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Corporate earnings mostly remain solid in April-June

Jiji PressTOKYO (Jiji Press) — Earnings at Japanese companies remained solid in April-June on the back of the expanding global economy, with many manufacturers posting growth in both sales and profits.

But some companies saw deterioration in earnings due to higher fuel and materials costs.

In addition, worries are prevailing over the course of trade issues stemming from the protectionist policy of U.S. President Donald Trump.

According to a Jiji Press tally of 898 companies, or 69.1 percent, of all listed on the Tokyo Stock Exchange’s First Section, excluding financial institutions, combined consolidated net profits increased 10.6 percent from a year before.

Boosted by brisk game operations, Sony Corp.’s net profit jumped 2.8-fold from a year before, posting a record net profit for the first time in three years.

Hiroki Totoki, chief financial officer of Sony, told a press conference at the end of July that the electronics maker got off to a “reasonable start” to the current fiscal year.

At machinery giant Hitachi Ltd., net profit surged 40 percent, hitting a record high for the second consecutive year.

Hitachi Senior Vice President and Executive Officer Mitsuaki Nishiyama said that most of the company’s divisions enjoyed profit growth. “Results of structural reforms are appearing,” Nishiyama said.

Toyota Motor Corp. saw its net profit grow 7.2 percent to a record high of ¥657.3 billion, helped by sales growth in Asia and Europe, as well as a cost reduction.

Masayoshi Shirayanagi, senior managing officer of Toyota, said, “Results of efforts on [boosting] earning power and cutting costs are coming out little by little.”

Demand continues to increase for semiconductors for use including in the Internet of Things, artificial intelligence and autonomous driving.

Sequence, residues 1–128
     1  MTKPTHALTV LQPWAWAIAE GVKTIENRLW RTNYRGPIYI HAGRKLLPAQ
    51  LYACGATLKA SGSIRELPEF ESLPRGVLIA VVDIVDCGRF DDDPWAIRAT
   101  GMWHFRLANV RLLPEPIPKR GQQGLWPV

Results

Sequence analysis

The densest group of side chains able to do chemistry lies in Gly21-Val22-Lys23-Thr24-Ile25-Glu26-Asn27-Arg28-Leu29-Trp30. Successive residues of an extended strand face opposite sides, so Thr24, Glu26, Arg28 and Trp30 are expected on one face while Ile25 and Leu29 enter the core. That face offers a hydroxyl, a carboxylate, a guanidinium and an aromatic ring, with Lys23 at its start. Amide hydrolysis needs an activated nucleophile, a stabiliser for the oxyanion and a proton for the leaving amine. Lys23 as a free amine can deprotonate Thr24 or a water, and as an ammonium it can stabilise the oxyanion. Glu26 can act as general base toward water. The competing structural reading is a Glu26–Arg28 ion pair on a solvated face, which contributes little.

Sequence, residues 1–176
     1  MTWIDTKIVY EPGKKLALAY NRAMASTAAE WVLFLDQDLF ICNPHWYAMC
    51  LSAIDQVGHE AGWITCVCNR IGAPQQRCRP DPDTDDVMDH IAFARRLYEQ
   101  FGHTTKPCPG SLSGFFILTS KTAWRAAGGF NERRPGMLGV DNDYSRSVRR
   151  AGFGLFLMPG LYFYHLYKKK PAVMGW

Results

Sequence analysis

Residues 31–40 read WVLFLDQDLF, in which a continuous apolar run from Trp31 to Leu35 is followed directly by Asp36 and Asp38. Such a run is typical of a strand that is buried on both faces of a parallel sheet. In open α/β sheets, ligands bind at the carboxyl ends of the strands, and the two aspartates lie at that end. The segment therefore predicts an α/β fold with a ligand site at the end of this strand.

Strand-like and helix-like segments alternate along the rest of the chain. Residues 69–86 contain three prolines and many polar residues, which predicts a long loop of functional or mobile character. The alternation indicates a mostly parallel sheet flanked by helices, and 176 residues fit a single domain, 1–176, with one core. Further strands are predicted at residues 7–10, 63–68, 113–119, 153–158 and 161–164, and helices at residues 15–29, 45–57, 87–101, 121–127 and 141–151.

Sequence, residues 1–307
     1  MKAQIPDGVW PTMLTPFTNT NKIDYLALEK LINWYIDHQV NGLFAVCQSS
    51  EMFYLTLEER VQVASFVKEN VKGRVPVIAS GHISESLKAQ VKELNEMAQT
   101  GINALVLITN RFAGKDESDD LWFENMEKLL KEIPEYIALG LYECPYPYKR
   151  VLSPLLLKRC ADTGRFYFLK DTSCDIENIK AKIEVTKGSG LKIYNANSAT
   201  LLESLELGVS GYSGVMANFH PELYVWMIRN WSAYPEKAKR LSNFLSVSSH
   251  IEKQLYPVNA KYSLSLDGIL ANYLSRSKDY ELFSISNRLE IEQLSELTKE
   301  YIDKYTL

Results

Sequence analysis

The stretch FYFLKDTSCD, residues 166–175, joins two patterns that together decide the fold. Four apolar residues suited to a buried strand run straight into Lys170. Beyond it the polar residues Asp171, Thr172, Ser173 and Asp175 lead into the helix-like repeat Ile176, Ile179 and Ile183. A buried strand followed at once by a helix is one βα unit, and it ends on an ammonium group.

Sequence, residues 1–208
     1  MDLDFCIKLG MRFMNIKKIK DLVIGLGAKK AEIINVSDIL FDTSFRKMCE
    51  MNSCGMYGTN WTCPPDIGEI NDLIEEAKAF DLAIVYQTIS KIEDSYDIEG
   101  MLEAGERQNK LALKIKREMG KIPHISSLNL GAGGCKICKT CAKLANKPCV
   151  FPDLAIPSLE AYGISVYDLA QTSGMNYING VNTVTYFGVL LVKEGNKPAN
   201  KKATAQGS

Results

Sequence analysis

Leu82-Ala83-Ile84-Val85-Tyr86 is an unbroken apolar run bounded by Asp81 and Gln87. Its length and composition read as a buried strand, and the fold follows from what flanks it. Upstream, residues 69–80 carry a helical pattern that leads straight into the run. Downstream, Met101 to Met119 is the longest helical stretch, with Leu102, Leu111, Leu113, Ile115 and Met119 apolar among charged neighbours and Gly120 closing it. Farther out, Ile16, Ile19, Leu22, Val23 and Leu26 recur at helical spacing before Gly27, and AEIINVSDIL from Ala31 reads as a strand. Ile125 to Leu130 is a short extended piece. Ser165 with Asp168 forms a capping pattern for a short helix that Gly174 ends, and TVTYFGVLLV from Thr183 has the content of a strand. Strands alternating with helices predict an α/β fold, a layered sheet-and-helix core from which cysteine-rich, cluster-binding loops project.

Net profit at semiconductor-manufacturing equipment maker Tokyo Electron Ltd. rose 35.1 percent to a record high of ¥55.7 billion.

Tokyo Electron President Toshiki Kawai said the company expects investment in chipmaking equipment this year to grow 10 percent to 15 percent from the previous year.

By contrast, increased fuel costs stemming from a rise in crude oil prices forced three major shipping companies, including Nippon Yusen K.K., to suffer net losses. Japan Airlines and ANA Holdings Inc. reported profit falls.

Zensho Holdings Co., the operator of the Sukiya chain of “gyudon” beef-on-rice bowl restaurants, saw a net profit decline of 33.7 percent due to higher labor costs amid a personnel shortage.

The yen moved weaker than expected, but many companies did not revise up their earnings estimates for the current fiscal year through March 2019 due to strong worries about the outlook for trade issues.

Speaking on the U.S.-China trade friction, Takakazu Uchida, executive managing officer of trading house Mitsui & Co., said, “We need to pay attention to a possible deceleration in the global economy because of worsening in business sentiment and slowdown in consumption.”

Companies are also closely watching planned U.S. tariffs on imported automobiles and auto parts under the Trump administration.

Toyota estimated that the possible tariffs would add about ¥670,000 to the cost of each of its vehicles.

Katsuhiro Miyamoto, executive vice president of Nippon Steel & Sumitomo Metal Corp., said the auto tariffs are expected to have substantial effects on other sectors.Speech

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